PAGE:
All forms of fasting reviewed produced mild to moderate weight loss, 1%-8% from baseline weight, according to the analysis published in the Annual Review of Nutrition.
This represents results that are similar to that of more traditional, calorie-restrictive diets, it said.
Intermittent fasting regimens may also benefit health by decreasing blood pressure and insulin resistance, and in some cases, cholesterol and triglyceride levels are also lowered. Other health benefits, such as improved appetite regulation and positive changes in the gut microbiome, have also been demonstrated, the review claimed.
The review looked at over 25 research studies involving three types of intermittent fasting:
- Alternate day fasting, which typically involves a feast day alternated with a fast day where 500 calories are consumed in one meal.
- 5:2 diet, a modified version of alternate day fasting that involves five feast days and two fast days per week.
- Time-restricted eating, which confines eating to a specified number of hours per day, usually four to 10 hours, with no calorie restrictions during the eating period.
Various studies of time-restricted eating show participants with obesity losing an average of 3% of their body weight, regardless of the time of the eating window.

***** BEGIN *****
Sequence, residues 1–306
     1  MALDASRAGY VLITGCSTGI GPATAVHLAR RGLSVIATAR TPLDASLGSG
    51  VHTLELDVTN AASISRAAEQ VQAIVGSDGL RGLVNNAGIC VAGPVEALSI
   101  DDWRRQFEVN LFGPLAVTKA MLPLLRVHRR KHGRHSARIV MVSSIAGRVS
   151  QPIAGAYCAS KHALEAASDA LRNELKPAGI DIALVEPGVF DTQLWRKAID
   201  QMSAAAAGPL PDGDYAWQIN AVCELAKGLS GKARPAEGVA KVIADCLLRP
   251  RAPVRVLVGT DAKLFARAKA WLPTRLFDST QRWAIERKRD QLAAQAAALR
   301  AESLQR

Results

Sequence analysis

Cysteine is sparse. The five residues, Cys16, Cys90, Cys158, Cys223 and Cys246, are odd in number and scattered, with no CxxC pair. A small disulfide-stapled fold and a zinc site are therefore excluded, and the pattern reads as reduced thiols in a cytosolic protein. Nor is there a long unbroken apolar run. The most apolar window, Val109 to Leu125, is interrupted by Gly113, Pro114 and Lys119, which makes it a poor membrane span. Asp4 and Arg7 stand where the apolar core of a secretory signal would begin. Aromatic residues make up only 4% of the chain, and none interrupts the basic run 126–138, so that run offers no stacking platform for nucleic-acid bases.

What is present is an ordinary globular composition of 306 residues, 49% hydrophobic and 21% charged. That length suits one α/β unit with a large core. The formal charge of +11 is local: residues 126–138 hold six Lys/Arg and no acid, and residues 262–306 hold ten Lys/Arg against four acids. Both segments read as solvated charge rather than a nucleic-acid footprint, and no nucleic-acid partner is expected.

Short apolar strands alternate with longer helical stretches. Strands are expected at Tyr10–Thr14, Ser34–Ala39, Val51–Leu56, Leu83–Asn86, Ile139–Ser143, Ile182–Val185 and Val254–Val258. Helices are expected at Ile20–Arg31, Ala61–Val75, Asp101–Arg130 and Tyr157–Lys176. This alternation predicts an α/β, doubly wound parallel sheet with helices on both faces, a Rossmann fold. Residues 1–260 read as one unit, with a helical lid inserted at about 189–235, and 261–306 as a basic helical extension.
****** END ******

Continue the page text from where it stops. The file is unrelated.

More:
Studies showed alternate day fasting resulted in weight loss of 3%-8% of body weight over three to eight weeks, with results peaking at 12 weeks. Individuals on alternate day fasting typically do not overeat or binge on feast days, which results in mild to moderate weight loss, according to the review.
Studies for the 5:2 diet showed similar results to alternate day fasting, which surprised the study’s reviewers. The subjects who participate in the 5:2 diet fast much less frequently than alternate-day fasting participants do, but the results of weight loss results are similar.
Weight loss in both the alternate day and 5:2 fasting are comparable to more traditional daily calorie-restrictive diets. And, both fasting diets showed individuals were able to maintain an average of 7% weight loss for a year.
“We noted that intermittent fasting is not better than regular dieting; both produce the same amount of weight loss and similar changes in blood pressure, cholesterol and inflammation,” said Krista Varady, professor of nutrition at the UIC College of Applied Health Sciences and author of Cardiometabolic Benefits of Intermittent Fasting, adding: “You’re fooling your body into eating a little bit less and that’s why people are losing weight.”
Varady said the review set out to debunk some myths regarding intermittent fasting. Intermittent fasting does not …….